This book is written to allow anyone working with building research and design to find facts and insights on the effects of windows in buildings and their. The requirements for good indoor air quality and energy efficiency have often been considered to be in conflict with each other.

However, buildings with low energy consumption in Europe also seem Author: Olli Seppanen. Because indoor air quality is inversely propor- tional to the average contaminant concentra- tion, we shall use the inverse of the average inverse ventilation rate as a measure of the indoor air quality resulting from different ventilation by: indoor air quality.

Ventilation air transfers efficiently the indoor pollutants from a building. If ventilation rates are reduced, energy is saved but at the same time indoor air quality deteriorates.

Seppänen and Fisk () and Fisk and Seppänen () summarise the effect of ven-tilation in respect of health and productivity • higher. indoor air pollution may reduce productivity, either in addition to or instead of having negative effects on comfort and health.

These experiments form a well-defined body of work that demonstrates a reliable effect of indoor air quality on the performance of office tasks, and the main purpose of this paper is to provide a summary of theseFile Size: 50KB.

The present work aimed to evaluate the effect of the manual airing strategy on indoor air quality in Italian classrooms. For this aim, schools located in the Central Italy were investigated.

Indoor air quality was studied in terms of CO2, particle number and PM concentrations and compared to corresponding outdoor by: Sometimes, increased ventilation can save energy, when conditions enable use of cool outdoor air to reduce the need for air conditioning.

In schools without air conditioning, ventilation is commonly employed during periods of warm weather to limit indoor temperatures. Reduced HVAC loads Because less energy is used in the ventilation process, the loads that HVAC systems use to power heating and cooling can be drastically reduced, resulting in even further reductions in HVAC energy use and costs, as well as capital equipment downsizing.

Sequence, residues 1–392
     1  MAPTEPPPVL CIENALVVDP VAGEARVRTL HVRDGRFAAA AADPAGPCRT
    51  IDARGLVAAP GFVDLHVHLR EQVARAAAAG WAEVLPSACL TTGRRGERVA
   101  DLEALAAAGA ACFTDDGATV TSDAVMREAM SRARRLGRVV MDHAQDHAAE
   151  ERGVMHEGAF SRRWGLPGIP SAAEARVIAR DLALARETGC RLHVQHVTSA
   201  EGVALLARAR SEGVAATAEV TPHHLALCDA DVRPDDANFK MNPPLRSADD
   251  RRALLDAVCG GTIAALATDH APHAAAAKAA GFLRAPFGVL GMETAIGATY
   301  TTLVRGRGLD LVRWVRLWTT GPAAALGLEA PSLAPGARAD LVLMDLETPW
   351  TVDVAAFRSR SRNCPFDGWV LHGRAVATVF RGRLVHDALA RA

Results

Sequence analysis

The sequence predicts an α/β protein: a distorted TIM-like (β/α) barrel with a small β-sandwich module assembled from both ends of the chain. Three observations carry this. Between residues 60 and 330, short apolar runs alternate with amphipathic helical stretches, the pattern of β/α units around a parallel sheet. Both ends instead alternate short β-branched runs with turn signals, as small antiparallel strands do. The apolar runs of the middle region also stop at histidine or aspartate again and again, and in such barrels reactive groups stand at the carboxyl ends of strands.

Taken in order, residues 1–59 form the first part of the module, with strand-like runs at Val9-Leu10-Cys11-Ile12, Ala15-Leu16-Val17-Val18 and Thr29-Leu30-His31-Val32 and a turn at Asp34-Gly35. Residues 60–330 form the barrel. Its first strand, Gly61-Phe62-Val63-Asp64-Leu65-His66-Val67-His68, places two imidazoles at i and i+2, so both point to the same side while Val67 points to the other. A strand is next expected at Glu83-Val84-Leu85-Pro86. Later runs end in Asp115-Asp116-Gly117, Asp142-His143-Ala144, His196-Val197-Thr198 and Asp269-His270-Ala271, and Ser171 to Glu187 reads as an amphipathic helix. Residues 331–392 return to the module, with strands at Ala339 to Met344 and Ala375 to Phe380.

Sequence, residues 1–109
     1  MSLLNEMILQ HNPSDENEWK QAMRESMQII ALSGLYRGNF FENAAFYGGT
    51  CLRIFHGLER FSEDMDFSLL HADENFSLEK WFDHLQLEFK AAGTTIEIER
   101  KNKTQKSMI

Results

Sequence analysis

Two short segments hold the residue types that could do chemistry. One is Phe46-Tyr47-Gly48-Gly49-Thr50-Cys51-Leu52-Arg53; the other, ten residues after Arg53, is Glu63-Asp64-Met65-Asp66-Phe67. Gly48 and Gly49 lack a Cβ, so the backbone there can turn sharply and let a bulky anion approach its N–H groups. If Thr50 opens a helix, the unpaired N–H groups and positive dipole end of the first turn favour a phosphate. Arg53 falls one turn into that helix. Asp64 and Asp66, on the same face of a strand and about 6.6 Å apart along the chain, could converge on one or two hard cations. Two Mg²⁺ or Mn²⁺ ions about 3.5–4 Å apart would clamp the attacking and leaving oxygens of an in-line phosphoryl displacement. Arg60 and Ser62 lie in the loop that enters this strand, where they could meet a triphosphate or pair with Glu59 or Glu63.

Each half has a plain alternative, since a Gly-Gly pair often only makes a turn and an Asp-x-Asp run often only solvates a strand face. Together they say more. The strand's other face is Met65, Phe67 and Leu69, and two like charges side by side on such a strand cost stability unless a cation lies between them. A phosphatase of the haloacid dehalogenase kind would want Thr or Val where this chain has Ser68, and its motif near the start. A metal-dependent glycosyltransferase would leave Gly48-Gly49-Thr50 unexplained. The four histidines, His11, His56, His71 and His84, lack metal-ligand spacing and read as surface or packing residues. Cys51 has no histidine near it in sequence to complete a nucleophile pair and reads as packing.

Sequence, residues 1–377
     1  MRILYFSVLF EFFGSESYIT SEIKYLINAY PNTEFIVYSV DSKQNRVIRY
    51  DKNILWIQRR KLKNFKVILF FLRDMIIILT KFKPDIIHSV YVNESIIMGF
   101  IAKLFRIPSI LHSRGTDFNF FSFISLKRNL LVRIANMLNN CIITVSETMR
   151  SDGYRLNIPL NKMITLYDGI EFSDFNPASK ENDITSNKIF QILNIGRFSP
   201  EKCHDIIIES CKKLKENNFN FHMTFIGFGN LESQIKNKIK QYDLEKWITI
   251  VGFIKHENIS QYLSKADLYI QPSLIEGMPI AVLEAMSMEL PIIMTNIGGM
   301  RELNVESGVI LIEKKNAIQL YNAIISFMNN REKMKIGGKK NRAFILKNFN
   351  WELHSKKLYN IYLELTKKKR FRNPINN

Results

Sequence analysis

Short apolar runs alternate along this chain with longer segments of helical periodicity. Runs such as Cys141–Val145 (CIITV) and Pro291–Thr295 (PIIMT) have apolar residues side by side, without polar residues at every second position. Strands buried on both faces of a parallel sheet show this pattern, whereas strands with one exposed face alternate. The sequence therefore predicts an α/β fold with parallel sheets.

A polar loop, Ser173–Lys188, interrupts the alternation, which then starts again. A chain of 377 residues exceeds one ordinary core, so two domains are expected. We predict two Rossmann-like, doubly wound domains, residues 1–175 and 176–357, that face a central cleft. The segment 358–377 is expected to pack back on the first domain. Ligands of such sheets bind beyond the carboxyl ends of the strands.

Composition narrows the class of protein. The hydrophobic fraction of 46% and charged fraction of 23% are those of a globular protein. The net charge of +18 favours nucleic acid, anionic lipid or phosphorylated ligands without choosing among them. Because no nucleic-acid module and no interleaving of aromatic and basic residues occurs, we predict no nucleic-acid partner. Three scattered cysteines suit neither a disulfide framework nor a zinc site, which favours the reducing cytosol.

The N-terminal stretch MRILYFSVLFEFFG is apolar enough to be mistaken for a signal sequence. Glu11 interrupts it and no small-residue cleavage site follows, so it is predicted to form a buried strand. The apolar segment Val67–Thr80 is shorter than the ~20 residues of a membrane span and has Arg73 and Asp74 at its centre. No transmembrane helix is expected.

The aim of this study is to develop internal ventilation by transferred air to achieve a good indoor climate with low energy consumption in educational buildings with constant air volume ventilation.

indoor air quality; other high performance features; Increased Average Daily Attendance (ADA). A high performance school provides superior indoor air quality by controlling sources of contaminants, providing adequate ventilation and preventing moisture accumulation.

These tactics are designed to: reduce sources of health problems. Although a number of individual studies of indoor air quality, ventilation, and health symptoms in schools exist, a comprehensive examination of the existing research has not been compiled.

We reviewed the existing published literature on indoor air quality (IAQ), ventilation, and IAQ- and building-related health problems in Size: KB. Using a multilevel approach, we estimated the effects of classroom ventilation rate and temperature on academic achievement.

The analysis is based on measurement data from a 70 elementary school district ( fifth grade classrooms) from Southwestern United States, and student level data (N = ) on socioeconomic variables and standardized test by: Across the United States, a minimum of 15 cfm of fresh air per student is required for classroom ventilation.

That is the amount set forth in ANSI/ASHRAE StandardVentilation for Acceptable Indoor Air Quality (IAQ), and it is the minimum amount the U.S. Green Building Council (USGBC) will recognize through its LEED green-building certification program. Good indoor air quality in schools is important to provide a safe, healthy, productive, and comfortable environment for students, teachers, and other school staff.

However, existing studies demonstrated that various air pollutants are found in classrooms, sometimes at elevated concentrations. Data also indicated that poor air quality may impact children's health, in particular respiratory Cited by:.

Classroom ventilation rates often do not meet building standards, although it is considered to be important to improve indoor air quality.

Poor indoor air quality is thought to influence both children’s health and performance. Poor ventilation in The Netherlands most often occurs in the heating season. To improve classroom ventilation a tailor made mechanical ventilation device was Cited by: The environmental community elevated reduced energy use to an environmental issue while relegating indoor air quality, including recirculated air necessary to achieve those energy goals, to an unimportant externality.

Such may have been well and good when the associated cost savings of reduced energy use could drive green building for many owners.Mechanical ventilation requires filters to be changed regularly.

Dirty filters are a source of pollution of the indoor air and reduce indoor air quality, which, in turn, reduces the performance of the occupants of the building and increases the prevalence of SBS symptoms (Wargocki et al., ; Bekö, ).